Why are commercial energy prices higher than residential?

As energy prices are increasing across the board, it is important to understand how your business is charged differently for electricity compared to how residential properties are charged.


The wholesale rates affect the price we all pay for gas and electricity: 

  • Suppliers purchase energy from the wholesale market and then sell it to customers for domestic and business purposes.
  • When wholesale prices increase, suppliers raise their rates to cover the additional costs, which results in higher energy bills for everyone.

A fixed-rate plan will prevent you from being affected by any price hikes that may occur during your contract, but your rates are likely to change when you renew.

Wholesale energy prices are always changing, but they are currently so high and volatile that it is difficult to predict how much they will be in the future.

Organising your energy consumption and bills is an important part of financial planning for a business. Overpaying for gas and electricity can be avoided by taking advantage of money-saving opportunities.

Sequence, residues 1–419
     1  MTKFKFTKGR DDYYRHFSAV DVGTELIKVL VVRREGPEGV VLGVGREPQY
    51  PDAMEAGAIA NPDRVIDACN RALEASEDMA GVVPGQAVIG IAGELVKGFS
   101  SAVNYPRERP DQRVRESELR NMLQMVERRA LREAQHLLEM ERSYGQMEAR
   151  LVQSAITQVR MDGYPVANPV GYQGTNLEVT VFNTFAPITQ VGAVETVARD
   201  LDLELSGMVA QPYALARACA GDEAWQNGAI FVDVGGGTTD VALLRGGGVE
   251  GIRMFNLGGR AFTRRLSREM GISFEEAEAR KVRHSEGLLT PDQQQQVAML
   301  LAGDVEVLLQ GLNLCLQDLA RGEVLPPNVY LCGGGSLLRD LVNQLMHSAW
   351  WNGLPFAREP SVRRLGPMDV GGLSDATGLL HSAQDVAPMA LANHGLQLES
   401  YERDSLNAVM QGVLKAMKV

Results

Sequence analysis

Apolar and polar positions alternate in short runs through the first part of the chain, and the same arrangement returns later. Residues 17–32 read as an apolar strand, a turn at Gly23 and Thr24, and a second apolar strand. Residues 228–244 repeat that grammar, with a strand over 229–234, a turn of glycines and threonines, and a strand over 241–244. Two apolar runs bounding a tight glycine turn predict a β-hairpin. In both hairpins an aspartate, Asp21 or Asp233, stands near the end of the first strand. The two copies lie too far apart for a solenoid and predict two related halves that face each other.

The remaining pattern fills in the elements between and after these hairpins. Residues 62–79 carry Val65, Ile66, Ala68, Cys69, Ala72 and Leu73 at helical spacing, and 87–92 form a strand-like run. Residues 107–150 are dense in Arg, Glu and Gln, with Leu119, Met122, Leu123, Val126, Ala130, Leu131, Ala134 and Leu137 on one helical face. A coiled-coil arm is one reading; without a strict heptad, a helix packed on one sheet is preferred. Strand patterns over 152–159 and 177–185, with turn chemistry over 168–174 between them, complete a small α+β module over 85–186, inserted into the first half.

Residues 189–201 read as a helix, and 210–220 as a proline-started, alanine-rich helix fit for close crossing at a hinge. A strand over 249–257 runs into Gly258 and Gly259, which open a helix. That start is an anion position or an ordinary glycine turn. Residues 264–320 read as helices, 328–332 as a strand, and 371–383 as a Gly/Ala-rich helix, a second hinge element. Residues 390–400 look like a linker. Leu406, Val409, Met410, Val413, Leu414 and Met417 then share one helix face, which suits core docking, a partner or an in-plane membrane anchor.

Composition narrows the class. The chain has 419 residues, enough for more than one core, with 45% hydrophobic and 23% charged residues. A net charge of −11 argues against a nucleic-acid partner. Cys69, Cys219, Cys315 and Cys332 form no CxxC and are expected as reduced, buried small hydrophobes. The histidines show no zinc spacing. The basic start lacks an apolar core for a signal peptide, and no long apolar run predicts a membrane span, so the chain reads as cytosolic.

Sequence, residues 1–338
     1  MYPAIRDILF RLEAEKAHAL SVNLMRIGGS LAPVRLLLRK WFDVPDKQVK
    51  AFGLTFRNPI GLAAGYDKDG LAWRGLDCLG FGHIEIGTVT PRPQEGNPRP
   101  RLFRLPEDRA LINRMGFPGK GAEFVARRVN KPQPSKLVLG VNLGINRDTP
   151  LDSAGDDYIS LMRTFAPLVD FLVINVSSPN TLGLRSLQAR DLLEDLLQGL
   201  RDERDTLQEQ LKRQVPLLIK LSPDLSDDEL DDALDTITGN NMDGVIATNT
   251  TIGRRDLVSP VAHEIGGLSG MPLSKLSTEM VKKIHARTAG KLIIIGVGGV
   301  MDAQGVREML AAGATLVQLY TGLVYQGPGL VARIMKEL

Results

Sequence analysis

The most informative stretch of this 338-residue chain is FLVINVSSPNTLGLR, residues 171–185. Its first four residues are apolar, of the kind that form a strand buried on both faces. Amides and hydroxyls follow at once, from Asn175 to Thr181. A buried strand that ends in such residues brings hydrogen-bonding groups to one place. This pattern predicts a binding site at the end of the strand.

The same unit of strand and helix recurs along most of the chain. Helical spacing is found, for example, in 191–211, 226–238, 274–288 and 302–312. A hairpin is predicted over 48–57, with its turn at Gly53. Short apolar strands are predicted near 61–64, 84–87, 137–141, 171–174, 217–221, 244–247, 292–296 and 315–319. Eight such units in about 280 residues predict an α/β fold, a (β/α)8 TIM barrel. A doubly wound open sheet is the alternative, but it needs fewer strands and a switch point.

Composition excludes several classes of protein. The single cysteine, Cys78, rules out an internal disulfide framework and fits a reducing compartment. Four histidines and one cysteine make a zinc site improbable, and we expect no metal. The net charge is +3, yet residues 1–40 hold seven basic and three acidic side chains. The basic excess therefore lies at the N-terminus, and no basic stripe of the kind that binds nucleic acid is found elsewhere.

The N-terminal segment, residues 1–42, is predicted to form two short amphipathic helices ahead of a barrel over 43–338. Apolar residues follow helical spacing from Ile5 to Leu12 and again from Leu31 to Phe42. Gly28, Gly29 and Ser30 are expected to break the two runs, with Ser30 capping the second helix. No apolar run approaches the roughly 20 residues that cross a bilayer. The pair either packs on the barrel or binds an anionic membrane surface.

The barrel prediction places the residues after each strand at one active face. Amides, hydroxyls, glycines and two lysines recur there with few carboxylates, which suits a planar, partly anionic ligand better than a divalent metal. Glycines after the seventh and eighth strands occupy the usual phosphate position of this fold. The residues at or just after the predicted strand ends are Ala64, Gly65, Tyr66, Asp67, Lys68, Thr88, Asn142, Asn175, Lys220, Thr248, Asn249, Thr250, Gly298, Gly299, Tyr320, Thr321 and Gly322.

The main difference between commercial and domestic electricity is how the energy is purchased by the suppliers. For domestic customers, the suppliers purchase all the needed energy in advance. For commercial customers, there is usually a longer contract spanning one to five years, and the supplier purchases all the required energy for that span.

In addition to this, Ofgem caps supplier profits on domestic users to 1.9%. Comparably, there is no such cap for commercial.


What factors are involved in pricing electricity?

Business owners may find it more difficult to compare energy prices and find the best deal, as each supplier will offer a customised quote. Private households can use online energy comparison websites, like Money Expert, to more easily compare prices and find the best deal.

However, businesses still have to pay a 20% VAT on their energy, along with the Climate Change Levy.

You should know that businesses do not have a cooling-off period when they sign a contract. Domestic customers are guaranteed a cooling-off period so they can cancel their contract if they’re not happy with their supplier or the price. If you sign a business contract, you are expected to understand the agreement fully before entering into it. If you break the contract, which is highly unlikely, you may face steep penalties.